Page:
Better late than never! Miracle as letter arrives 54 YEARS after it was posted
PUBLISHED: 19:00 22 June 2020
In the modern age, it is sometimes referred to as “snail mail” - but Gill Milbourne did not expect the post be quite so slow when she opened a letter 54 YEARS after it was sent.
Her sister, Jean Quennell, had sent the letter to Ipswich from the Post Office Tower in London - now the BT Tower - in 1966.
Mrs Quennell was visiting the UK from Malawi, where she and her husband were living at the time, for Mrs Milbourne’s wedding - but had sent a commemorative letter as a memento from a day out to London during their trip.
She included a calendar for Air Malawi and placed 3d stamps on the envelope - but the letter never arrived.
She thought it would never see the light of day again - but then, miraculously, it finally arrived at Mrs Milbourne’s Ipswich home more than five decades after it was supposed to.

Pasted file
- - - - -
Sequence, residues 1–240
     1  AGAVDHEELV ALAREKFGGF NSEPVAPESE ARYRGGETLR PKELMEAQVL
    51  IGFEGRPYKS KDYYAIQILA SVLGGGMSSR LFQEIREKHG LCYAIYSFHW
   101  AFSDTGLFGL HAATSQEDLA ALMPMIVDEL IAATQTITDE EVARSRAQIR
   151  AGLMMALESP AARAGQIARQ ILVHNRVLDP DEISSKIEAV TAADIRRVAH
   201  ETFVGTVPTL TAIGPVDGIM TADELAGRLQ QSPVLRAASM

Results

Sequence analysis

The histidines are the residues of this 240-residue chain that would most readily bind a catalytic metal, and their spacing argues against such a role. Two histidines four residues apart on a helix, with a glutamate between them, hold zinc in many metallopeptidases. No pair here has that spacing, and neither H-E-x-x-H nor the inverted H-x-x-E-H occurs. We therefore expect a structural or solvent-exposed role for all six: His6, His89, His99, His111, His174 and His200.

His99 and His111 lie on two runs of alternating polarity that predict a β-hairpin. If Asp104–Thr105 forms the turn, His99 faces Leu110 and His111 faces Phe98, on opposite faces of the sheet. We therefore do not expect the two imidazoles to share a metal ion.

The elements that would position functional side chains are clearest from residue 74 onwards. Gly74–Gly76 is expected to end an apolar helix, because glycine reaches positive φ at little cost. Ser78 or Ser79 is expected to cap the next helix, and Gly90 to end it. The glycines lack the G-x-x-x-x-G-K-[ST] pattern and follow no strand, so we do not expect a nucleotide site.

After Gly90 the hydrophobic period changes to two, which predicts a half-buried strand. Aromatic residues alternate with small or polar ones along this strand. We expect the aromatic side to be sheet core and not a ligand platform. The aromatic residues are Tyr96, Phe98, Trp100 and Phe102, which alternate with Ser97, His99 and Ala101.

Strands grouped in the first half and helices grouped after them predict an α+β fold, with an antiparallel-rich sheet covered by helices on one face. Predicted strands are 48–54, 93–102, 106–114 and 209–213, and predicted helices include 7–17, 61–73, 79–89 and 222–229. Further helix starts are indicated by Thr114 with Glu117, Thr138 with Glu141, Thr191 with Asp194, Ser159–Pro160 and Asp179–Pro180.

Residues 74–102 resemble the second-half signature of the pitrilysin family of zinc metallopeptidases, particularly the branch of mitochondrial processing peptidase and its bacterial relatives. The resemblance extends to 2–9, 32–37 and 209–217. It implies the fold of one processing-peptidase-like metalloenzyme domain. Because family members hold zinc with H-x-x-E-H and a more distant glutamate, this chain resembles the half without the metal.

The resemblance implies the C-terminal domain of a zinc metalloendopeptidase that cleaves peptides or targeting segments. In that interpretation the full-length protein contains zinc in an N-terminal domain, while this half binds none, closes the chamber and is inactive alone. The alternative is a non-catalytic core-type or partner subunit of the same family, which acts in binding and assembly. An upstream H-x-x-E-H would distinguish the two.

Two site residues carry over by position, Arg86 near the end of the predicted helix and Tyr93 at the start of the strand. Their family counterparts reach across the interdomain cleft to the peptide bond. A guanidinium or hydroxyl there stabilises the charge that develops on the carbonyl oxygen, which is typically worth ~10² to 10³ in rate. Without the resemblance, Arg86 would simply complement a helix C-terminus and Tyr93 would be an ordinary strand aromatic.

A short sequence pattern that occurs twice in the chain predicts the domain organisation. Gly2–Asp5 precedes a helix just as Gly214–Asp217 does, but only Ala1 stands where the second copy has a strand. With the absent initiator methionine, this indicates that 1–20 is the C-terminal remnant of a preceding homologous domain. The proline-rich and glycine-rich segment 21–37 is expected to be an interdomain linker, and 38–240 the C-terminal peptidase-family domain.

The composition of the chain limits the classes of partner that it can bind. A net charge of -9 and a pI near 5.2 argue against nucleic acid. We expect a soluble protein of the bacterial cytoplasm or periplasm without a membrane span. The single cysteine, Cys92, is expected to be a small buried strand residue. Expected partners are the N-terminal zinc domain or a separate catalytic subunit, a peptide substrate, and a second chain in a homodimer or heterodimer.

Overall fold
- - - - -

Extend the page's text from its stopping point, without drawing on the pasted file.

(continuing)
In the time it has taken the letter to get from A to B, man has walked on the moon, 10 prime ministers have taken power and inventions such as the Atari computer, the Sony Walkman and later the mobile phone and the internet have taken the world by storm.
Mrs Milbourne might never have received the letter had she not still been living in the same house, which has been her home for more than half a century.
“I cannot believe it has taken 54 years to get to me,” said Mrs Milbourne.
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“I think it has been sitting somewhere. It was in good condition.”
Where the letter has been hiding is a mystery no-one may ever be able to solve.
However, its postmark shows it has had a fairly recent journey through Royal Mail’s South East Anglian Mail Centre, in Chelmsford.
A spokesman for Royal Mail said: “It is difficult to speculate what may have happened to this item of mail, but it is likely that it was put back into the postal system by someone recently, rather than it being lost or stuck somewhere.
“Royal Mail regularly checks all its delivery offices and clears its processing machines daily.
“Once an item is in the postal system, then it will be delivered to the address on the letter.”
Despite its delay, Mrs Milbourne was delighted to have eventually received the letter.
“So many things have changed since then,” said Mrs Milbourne.
“We were just married. Now we have two children, five grandchildren and four great-grandchildren.”
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